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Line filter question..............................(Starch)

There are suction filters and suction filter-driers. I use suction filter-driers to clean up a burnout. After it's clean I replace it with a suction FILTER. Less pressure drop and they are designed to remain in the system. If you install a replacable core shell this is quick and simple. I always replace the liquid filter-drier. bob
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Comments

  • John StarcherJohn Starcher Posts: 794Member
    I was told today................

    .....by my favorite supply house dude, that a suction line filter is only necessary when you've had a compressor burnout.

    I'm replacing a condenser and coil for a client, and reusing the existing lineset due to lack of access. (It's a three unit condominium, and we can't get to the entire lineset to replace)

    The client has had no problems with the existing equipment, she is just concerned with its age, and is being proactive. I was always under the impression that a suction line filter should be installed with any condenser changeout, and in the event of a compressor burnout you also install a liquid line filter. I was told the liquid line filter should be placed at the evaporator in this scenario.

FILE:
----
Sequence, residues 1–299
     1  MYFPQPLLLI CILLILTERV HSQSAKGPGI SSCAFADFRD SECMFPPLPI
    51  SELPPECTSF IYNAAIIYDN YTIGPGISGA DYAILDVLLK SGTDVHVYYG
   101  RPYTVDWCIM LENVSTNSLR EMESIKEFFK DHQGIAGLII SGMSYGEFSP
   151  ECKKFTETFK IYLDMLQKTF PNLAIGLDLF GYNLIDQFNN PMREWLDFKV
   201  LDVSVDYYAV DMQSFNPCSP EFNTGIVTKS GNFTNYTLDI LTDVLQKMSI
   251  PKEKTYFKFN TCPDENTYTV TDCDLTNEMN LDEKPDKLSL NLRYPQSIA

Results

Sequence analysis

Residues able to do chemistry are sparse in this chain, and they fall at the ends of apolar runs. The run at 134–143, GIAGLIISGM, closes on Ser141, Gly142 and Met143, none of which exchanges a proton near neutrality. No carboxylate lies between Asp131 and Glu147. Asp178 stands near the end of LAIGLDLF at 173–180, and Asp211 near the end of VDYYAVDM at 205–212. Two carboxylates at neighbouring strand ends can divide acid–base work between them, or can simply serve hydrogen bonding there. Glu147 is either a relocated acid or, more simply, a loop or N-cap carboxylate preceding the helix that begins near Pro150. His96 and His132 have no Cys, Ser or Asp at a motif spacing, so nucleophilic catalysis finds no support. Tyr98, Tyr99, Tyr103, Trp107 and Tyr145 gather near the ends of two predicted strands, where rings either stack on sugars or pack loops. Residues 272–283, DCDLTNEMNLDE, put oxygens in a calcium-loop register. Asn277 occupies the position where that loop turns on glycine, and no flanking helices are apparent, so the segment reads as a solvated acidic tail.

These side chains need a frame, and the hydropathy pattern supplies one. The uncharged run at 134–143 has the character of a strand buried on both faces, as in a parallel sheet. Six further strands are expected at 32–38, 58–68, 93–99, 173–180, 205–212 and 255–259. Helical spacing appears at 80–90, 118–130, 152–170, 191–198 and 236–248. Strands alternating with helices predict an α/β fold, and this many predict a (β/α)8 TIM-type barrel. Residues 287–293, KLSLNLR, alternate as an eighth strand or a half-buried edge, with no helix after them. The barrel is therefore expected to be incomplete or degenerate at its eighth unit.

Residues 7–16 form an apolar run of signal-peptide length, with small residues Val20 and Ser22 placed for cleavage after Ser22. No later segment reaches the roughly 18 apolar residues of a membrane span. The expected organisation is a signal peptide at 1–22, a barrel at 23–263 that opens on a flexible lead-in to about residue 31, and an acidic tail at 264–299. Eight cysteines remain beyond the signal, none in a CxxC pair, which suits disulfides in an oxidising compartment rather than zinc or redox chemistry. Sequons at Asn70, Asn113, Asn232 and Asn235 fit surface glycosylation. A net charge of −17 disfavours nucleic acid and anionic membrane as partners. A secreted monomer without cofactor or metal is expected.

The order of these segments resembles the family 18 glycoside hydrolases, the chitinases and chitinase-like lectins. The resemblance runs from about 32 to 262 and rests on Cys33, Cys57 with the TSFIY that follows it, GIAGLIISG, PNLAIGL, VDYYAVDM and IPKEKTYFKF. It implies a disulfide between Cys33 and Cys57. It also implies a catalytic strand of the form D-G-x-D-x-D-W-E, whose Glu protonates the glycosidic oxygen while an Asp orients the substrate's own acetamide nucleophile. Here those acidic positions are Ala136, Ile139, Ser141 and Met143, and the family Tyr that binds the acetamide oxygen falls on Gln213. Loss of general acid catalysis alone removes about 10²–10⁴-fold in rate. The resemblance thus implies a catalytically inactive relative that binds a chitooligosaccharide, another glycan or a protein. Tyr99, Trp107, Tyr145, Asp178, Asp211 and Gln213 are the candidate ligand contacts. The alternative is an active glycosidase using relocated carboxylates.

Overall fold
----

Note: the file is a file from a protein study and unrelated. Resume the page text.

My wholesale guy is insisting that the suction line filter is not to be used, but the liquid line filter is a must. He also says that the liquid line filter can be installed at the condenser.

    Can you please clarify the proper filter method and placement?

    Thanks,

    Starch
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  • Eugene SilbersteinEugene Silberstein Posts: 1,380Member
    Driers Driers Everywhere!

    Starch,

    let's address the liquid line filter drier first. The liquid line filter is intended to perform a number of functions including capturing moisture and acid from the system as well as capturing particulates thay may be circulating in the system. Notice that I did not mention that the filter drier REMOVES acid and moisture from the sytem. There are no moisture or acid vents that, like air vents on hydronic systems, facilitate the removal of acid or moisture from the system.

    Since the filter drier is intended to help prevent the metering device from malfunctioning as a result of trapped or stuck particulates, the drier should ideally be close to the meterng device. Typically, however, installation crews install the liquid line filter drier at the condensing unit for ease of installation. This, however, is not the best place for it.

    I personally like to replace the liquid line filter drier whenever the system is opened to the atmosphere for any length of time. The device is n ot costly and I would hate to have to come back on a job because the filter drier is clogged. In addition, I also like to oversize the filter drier. Larger driers clog slower and can capture more system junk.